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Had some experience with bashas as a cadet but to be honest we where always taken to an area that lent itself to putting one up quickly and easily (medium density woodland) and there was always a member of the DS checking the temperature through the night so we didn't catch a chill so I knew how to put one up, early on you where only ever given paracord and some pegs and left to frustrate yourself with it whilst everyone else whipped out a few bungee cords and had it done in seconds.

More recently though me and a friend did a few days backpacking around the mid Wales coast. With no real idea where we would be stopping for the night meant he had invested in a few basha poles that would give you a space of around 18 inches and peg the other end down this is at its best in a field or somewhere with few options for anchorage points. As there was 2 of us meant you used your bergens on either side to block out the wind... Sort of. We just used roll matts bungeed to the side of our bergens then a sleeping bag inside a bivvi bag and we weres plenty warm enough.

In my opinion for 2 its a great option and if you have a 4 season + sleeping bag you would proably be ok on your own don't think it is really a year round solution but then I know if you where in the army you may have to do it in the dead of winter.

On a final point the issue ponchos make a great basha (that's what we used back packing and as cadets) and obviously comes with the advantage of also being a poncho. Just remember to tighten the cords as much as possible in case it rains... I learnt that the hard way as a cadet... not an experience to repeat
(15 April 2012, 08:42)Scythe13 Wrote: [ -> ]That looks really good, but for £40, I do question it for winter sleeping. Having said that, could just layer up.

I'll check out more reviews of them.

Yes you would be wise to layer up in it - something I never done as a soldier , remove anything before hitting the old 'gonk' bag.
If my combats were wet - quickest way to dry them was to sleep in them , likewise trousers - boots stayed on no matter what.
Waterproof wise it was as good as or better than the 58 pattern bag , thermal properties aren't great , its a parka first - sleeping bag second - but as I've said - as a temporary sleep system only used while you're on the move - then its very versatile indeed.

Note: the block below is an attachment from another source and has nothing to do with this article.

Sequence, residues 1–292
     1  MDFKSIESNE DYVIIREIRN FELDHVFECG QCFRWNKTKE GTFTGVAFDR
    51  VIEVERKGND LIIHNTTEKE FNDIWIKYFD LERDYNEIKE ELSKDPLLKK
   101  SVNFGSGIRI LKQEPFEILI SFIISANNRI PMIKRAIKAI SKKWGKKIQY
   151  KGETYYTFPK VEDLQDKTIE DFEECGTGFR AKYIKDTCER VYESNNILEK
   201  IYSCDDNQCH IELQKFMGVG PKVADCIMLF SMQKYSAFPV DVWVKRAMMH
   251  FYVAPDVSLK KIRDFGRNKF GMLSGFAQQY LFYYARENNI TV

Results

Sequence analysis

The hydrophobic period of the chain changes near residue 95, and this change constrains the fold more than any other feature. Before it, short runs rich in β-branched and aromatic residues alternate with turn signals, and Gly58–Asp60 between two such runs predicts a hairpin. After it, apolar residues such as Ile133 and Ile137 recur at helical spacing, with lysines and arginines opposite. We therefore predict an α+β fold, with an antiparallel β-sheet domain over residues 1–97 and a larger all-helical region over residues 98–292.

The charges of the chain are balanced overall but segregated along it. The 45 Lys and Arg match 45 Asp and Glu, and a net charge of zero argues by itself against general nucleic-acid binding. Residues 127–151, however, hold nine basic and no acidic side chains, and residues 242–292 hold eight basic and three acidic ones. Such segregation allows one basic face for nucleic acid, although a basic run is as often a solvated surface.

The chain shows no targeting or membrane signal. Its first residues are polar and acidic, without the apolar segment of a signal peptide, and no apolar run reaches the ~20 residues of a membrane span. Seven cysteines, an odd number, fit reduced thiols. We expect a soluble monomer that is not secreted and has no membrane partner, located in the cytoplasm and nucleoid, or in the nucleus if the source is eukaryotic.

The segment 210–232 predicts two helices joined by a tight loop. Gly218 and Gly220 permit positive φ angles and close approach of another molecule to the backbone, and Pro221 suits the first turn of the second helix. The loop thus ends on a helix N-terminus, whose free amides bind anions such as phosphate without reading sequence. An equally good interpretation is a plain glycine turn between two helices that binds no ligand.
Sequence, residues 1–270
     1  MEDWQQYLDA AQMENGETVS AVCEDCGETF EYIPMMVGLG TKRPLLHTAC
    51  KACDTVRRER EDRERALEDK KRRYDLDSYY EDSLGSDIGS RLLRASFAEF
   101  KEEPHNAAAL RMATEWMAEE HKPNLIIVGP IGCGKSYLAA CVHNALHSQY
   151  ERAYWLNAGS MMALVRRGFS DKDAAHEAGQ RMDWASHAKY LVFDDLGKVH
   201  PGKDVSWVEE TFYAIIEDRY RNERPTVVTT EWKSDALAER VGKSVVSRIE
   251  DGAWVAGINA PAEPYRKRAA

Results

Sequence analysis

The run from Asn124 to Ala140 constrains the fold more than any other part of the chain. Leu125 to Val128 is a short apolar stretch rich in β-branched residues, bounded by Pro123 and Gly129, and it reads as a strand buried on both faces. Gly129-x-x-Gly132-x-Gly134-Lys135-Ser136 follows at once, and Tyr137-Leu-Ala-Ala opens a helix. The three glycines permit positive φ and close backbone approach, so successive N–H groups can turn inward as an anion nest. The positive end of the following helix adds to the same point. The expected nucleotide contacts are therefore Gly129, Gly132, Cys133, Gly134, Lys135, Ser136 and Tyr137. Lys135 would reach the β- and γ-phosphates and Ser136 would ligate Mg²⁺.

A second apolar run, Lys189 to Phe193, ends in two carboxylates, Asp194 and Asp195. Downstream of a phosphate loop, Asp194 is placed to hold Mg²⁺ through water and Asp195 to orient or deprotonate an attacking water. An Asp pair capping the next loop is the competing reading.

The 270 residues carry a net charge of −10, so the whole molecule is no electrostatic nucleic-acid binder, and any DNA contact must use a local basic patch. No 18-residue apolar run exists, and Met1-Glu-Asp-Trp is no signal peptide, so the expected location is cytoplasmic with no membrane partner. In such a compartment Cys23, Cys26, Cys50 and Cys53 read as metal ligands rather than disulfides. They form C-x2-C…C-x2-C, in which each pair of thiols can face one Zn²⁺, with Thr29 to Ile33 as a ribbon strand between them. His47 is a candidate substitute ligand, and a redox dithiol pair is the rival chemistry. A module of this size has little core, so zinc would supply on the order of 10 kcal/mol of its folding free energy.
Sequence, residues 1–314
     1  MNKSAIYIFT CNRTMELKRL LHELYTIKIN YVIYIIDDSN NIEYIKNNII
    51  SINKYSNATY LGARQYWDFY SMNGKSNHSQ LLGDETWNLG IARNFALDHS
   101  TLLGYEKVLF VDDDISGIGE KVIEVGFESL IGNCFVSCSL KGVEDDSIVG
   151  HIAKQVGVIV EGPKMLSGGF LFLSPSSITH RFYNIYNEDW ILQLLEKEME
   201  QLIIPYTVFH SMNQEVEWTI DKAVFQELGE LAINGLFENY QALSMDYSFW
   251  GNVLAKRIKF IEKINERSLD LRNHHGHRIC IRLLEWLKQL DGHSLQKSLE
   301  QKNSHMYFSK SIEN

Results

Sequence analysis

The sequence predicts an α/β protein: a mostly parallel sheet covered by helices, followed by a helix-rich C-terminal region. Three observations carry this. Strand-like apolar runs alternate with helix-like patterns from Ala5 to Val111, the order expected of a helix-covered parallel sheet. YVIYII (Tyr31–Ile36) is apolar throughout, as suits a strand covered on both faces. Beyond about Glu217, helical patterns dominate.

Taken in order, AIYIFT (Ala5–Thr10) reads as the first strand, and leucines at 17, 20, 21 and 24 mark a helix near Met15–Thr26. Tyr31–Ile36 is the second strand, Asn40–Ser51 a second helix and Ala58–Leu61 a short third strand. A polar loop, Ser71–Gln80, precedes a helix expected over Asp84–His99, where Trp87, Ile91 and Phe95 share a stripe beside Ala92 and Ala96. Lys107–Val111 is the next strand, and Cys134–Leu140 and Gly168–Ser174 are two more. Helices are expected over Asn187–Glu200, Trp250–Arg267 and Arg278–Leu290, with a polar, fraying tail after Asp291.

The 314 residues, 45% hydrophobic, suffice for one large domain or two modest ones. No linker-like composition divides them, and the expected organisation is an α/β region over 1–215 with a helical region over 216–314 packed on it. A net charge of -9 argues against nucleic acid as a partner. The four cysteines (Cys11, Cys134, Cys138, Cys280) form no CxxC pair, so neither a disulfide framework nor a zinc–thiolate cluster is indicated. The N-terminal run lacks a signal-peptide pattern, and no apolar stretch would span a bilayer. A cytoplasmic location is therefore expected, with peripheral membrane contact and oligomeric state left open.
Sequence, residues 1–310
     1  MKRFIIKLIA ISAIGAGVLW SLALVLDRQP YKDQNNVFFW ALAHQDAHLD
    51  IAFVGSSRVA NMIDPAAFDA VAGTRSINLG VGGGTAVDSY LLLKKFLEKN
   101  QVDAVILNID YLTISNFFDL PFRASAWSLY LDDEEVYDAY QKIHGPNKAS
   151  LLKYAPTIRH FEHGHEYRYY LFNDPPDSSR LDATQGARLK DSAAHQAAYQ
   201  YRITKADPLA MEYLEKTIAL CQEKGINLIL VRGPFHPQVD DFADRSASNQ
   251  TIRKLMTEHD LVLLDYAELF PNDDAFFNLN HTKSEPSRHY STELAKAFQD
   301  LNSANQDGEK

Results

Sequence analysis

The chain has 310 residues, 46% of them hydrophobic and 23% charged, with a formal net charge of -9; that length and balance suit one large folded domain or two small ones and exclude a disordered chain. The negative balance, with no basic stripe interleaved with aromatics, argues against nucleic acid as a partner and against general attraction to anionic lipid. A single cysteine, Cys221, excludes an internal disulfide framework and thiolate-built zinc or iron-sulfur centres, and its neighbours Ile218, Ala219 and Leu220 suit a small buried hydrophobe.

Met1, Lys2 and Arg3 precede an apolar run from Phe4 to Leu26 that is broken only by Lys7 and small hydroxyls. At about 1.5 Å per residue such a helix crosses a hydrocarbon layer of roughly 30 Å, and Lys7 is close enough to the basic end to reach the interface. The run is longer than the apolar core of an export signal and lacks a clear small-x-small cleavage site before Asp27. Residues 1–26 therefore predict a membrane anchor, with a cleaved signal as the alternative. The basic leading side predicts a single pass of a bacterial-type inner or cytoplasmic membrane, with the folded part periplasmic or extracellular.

German Parka

I got one of these. Not tested it out yet, be getting its first outing this weekend in the bushes Wink

I'll keep my clothes on though I think. Doesn't look that warm.
(16 April 2012, 13:31)00111001 Wrote: [ -> ]German Parka

I got one of these. Not tested it out yet, be getting its first outing this weekend in the bushes Wink

I'll keep my clothes on though I think. Doesn't look that warm.

I have one of these bought a few years back and before that I had one for a good 15 years.

I use mine for my truck emergency kit and sometimes wear it indoors without the outer shell to help fight colds, I sometimes take it out woods during summer time but would not recommend as even in summer it gets cold in mornings, and this bag is just not up for it, unless you’re in a tent and well geared up, i.e. truck camping.

But they are fun to wear and look quite good on and I really like mine.
I agree with both opinions given above...this particular bit of kit has a sole purpose really ( for me it did anyway ) , and was exceptional.

On exercise - you aren't meant to be cosy and snug as they are carried out under combat conditions , as a bugout bag for a few nights out in the field before you reach your final position they are worth it , trust me.

Do not expect to be toasty in these , they are designed as a rapid way of getting the head down and being combat capable quickly...I've fell asleep in puddles before , and slid down the hills ( carried by rainfall ) near the faslane peace camp in a 58 patt bag, as I was approaching hypothermia.

Choose your bag wisely , and for the purpose you need it for.

If you may be mobile/overland for a short time, then there is no point in getting a fancy 4 season mountain climbers probably wont survive being dragged across the various obstacles that an escape or evasion situation will call for.
German parka is ideal for this , as long as you are wearing the correct layered clothes while in it.

On the other hand - if you dont intend to be mobile / will be at your final position quickly with no hoofing it overland / overnight , then the german parka isn't what you need.
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